Babatunde Fashola, minister for works and housing, says he does not know what happened to the video camera he recovered at Lekki tollgate after the tragic shooting of peaceful #EndSARS protesters bald in October 2020.
Following the Lekki tollgate shooting, Fashola, led a Federal Government delegation of South-West governors and ministers on the directive of President Muhammadu Buhari to commiserate with Lagos State Governor, Babajide Sanwo-Olu over the loss of lives and destruction of properties in the violence that rocked the state last week.
While visiting the scene of the shooting, Fashola discovered a camcorder and subsequently, handed it over to Sanwo-Olu for forensic analysis and further investigation.
He had said the camera must have been planted by some subversive elements priory to the reported shootings for ulterior motives.
The minister, who picked up the camera with an aid of a handkerchief, handed it over to Sanwo-Olu, stating;
I think this will help with the ongoing investigations into the shootings at the Lekki Toll Gate.
It requires forensic analysis and could be used in the investigations to unravel the mystery surrounding the shootings at the Toll Gate, I believe.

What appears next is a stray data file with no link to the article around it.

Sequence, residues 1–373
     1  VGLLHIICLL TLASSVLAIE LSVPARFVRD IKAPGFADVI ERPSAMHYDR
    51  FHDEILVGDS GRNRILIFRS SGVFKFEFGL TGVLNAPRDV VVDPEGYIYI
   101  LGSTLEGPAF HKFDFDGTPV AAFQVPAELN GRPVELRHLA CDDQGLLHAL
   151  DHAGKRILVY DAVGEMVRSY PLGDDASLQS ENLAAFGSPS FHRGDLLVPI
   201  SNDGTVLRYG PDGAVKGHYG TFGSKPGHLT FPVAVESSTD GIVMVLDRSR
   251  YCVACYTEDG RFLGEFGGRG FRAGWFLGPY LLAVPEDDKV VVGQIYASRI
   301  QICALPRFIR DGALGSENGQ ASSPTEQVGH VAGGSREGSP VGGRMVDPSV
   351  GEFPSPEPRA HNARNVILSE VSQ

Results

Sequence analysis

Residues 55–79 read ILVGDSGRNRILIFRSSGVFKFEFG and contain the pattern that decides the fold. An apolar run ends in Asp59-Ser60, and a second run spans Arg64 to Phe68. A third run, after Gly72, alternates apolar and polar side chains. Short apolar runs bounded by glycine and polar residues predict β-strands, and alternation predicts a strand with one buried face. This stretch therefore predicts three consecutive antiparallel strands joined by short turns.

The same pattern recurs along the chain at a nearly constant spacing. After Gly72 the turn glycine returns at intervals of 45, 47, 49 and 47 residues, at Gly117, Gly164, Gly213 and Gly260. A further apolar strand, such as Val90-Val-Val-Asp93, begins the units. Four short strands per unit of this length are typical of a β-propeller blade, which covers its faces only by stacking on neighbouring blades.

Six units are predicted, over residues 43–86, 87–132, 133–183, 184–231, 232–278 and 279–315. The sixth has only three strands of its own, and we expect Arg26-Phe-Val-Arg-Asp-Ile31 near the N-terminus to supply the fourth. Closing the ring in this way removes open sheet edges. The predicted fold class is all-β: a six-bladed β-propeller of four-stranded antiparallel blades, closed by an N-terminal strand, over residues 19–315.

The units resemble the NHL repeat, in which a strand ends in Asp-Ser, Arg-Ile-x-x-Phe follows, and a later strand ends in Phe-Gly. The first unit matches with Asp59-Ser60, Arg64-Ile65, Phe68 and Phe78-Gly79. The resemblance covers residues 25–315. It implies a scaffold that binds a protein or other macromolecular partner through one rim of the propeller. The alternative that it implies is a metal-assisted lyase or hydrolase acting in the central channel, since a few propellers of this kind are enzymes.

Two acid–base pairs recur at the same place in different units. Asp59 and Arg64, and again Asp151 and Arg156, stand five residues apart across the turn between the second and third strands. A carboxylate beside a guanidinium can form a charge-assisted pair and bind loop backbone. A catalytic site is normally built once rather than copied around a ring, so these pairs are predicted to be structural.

The discovery sparked a plethora of reactions on social media as many Nigerians, including celebrities, took to their pages to air their different views.
The clip of the former Lagos state governor picking up his discovery was turned into memes, that trended on the internet for months.
Speaking with Arise TV on Sunday, Fashola said he doesn’t know what became of his discovery.
The minister added that he should not be the one to answer questions on the camcorder, saying he had since handed it over to Lagos state government.
You should not be asking me. You have the tapes showing that I handed it over to the government of Lagos, so you have all the recordings. I think your people were there. So don’t ask me what happened to the camera. I don’t know.
On what he thought about the struggle by the youths to take power in 2023, Fashola said youths had ruled Nigeria more than the elderly.
He recalled that during the military regime, the officers who ruled Nigeria through the 1960s and 1980s were in their 30s and 40s.
The minister argued that most of these personalities remained on the scene.